Words: Danny Wilson (Read more Gleaming The Cube)
Last week an announcement unnervingly corporate in its tone (when will these big business newcomers learn?) was released revealing that well-known running-shoe brand New Balance will be throwing their hat into the skate-shoe production ring. In many respects this is no surprise. Over the last decade or so, big name brands like Adidas and Nike have established themselves as market leaders in skateboarding footwear.
It’s perhaps unfair to dismiss Adidas and Nike’s success as being purely down to the depth of their respective pockets and the obvious financial pull they can coax big name skaters on to their teams with, though in some instances that was obviously the case: Eric Koston’s move from Lakai to Nike springs to mind, as does his Girl teammate Alex Olson’s decision to leave Vans during the production of their must anticipated video to cozy up alongside Koston and the rest of the massive and (one assumes) well-paid team at the swoosh.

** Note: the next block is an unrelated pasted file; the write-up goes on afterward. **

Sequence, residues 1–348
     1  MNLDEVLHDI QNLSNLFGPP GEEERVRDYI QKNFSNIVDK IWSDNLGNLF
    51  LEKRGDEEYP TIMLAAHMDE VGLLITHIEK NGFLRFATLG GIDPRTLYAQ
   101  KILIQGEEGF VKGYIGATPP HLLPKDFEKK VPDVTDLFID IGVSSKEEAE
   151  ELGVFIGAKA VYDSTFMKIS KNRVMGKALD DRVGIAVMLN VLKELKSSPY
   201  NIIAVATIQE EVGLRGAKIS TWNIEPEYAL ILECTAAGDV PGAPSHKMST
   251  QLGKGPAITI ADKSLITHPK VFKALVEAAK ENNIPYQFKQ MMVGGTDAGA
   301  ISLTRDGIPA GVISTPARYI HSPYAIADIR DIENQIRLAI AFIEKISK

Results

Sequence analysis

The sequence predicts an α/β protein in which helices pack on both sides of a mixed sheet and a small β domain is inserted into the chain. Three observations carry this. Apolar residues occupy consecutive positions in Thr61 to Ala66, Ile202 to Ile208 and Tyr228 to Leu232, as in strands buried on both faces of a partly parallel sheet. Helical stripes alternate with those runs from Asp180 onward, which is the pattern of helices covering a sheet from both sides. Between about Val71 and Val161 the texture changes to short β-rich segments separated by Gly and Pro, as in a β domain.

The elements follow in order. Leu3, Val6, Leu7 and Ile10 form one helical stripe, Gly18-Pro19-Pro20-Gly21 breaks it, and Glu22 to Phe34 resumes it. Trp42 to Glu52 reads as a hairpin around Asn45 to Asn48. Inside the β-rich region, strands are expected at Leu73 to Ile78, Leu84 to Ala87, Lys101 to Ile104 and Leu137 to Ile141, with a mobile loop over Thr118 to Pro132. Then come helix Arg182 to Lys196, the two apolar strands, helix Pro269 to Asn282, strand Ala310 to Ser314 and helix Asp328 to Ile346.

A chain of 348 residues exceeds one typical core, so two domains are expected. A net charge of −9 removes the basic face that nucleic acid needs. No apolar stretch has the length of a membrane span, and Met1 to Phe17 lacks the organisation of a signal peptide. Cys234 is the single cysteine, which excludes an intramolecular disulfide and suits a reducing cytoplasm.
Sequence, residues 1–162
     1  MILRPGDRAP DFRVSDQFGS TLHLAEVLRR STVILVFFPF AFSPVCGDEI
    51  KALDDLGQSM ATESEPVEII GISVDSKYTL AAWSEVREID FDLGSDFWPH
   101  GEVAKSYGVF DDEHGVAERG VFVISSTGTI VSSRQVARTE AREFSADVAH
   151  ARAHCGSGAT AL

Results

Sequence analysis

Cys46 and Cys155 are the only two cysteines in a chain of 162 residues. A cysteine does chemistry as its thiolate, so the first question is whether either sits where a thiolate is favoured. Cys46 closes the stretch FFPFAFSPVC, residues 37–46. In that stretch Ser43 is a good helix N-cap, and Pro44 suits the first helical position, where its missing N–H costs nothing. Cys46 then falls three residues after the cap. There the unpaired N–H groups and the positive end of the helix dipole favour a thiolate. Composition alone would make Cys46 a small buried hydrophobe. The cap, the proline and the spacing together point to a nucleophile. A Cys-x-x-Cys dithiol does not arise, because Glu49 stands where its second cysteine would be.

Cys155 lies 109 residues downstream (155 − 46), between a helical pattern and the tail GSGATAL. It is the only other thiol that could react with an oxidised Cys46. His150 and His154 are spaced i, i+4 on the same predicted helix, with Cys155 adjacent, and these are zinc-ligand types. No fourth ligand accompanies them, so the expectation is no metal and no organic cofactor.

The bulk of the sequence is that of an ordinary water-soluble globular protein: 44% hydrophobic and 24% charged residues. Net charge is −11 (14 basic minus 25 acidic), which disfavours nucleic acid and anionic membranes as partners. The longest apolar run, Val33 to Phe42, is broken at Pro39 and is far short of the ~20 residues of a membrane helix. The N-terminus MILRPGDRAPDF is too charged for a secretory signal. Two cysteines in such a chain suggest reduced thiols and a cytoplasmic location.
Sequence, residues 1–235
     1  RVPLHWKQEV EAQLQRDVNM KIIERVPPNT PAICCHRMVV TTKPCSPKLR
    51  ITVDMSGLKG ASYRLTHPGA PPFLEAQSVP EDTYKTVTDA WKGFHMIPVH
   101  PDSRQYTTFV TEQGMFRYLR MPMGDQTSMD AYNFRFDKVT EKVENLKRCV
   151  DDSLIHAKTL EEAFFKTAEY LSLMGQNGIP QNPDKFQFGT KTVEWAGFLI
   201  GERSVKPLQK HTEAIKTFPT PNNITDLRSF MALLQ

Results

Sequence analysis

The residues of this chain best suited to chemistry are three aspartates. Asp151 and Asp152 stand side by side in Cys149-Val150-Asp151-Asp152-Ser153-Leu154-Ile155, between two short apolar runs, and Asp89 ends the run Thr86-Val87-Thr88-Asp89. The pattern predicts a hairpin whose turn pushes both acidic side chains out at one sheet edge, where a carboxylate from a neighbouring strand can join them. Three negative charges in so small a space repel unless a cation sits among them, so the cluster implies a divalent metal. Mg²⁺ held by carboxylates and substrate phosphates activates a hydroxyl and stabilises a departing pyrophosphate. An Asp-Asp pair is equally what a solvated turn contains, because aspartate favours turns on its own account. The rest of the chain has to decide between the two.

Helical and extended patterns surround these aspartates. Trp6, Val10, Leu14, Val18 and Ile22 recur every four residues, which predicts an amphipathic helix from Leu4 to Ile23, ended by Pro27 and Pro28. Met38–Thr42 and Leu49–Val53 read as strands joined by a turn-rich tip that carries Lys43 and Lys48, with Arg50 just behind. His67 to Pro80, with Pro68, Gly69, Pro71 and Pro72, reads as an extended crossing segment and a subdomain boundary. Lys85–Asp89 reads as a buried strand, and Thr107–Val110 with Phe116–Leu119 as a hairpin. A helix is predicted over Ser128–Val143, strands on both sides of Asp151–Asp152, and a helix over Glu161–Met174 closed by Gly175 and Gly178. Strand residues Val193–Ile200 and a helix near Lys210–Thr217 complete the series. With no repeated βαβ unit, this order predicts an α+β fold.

Despite the obvious financial advantage that big brands have over skater-owned companies, it might not be entirely reasonable to attribute the entirety of their success to that and that alone. Adidas would be considered by many to have done it the “right way” by immediately associating themselves with legends (Mark Gonzalez), established pros beloved by the very people that one would expect to complain about the brands’ lack of “core” skateboarding credentials (Dennis Busenitz) and shit-hot young up-and-comers (Jake Donnelly). Whether the obviously well-informed team selections that did so much to legitimise the brand’s position in the industry are a reflection of the skate-nerdom of the people running things behind the scenes or simply the result of some particularly astute market research is still obviously up for some debate. Either way, it’s hard to take any real umbrage with the brand when they continue to produce so much fantastic geographically themed video content.